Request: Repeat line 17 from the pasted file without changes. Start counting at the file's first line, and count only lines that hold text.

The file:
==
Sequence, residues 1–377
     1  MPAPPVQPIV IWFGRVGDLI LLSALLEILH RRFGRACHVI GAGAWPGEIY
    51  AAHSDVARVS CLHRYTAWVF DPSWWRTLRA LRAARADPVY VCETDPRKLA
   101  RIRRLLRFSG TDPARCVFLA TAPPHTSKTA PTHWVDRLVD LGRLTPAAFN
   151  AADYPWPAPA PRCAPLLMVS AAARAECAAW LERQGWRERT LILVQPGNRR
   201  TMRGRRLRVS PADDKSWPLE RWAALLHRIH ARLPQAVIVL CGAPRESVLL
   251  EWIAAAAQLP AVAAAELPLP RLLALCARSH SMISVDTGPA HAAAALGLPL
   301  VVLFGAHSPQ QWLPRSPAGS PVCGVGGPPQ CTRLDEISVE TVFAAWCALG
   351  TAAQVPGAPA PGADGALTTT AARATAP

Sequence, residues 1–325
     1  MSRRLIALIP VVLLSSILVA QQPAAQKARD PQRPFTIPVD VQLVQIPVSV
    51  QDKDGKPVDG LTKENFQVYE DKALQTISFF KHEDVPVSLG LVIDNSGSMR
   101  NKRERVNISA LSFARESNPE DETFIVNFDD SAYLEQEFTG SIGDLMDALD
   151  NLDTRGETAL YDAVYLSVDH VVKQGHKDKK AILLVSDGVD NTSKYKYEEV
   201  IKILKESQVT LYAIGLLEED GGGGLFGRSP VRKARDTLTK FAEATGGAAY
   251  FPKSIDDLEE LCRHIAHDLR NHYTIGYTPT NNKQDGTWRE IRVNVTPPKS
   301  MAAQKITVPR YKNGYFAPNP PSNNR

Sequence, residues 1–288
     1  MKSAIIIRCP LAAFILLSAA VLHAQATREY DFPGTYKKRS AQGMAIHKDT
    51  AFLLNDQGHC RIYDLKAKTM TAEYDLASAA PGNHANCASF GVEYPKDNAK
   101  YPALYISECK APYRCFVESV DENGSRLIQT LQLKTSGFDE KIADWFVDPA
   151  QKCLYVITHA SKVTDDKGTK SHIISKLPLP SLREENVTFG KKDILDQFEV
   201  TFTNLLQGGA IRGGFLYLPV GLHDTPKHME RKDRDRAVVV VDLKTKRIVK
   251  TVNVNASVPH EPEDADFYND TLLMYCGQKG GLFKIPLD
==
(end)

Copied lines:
   301  MAAQKITVPR YKNGYFAPNP PSNNR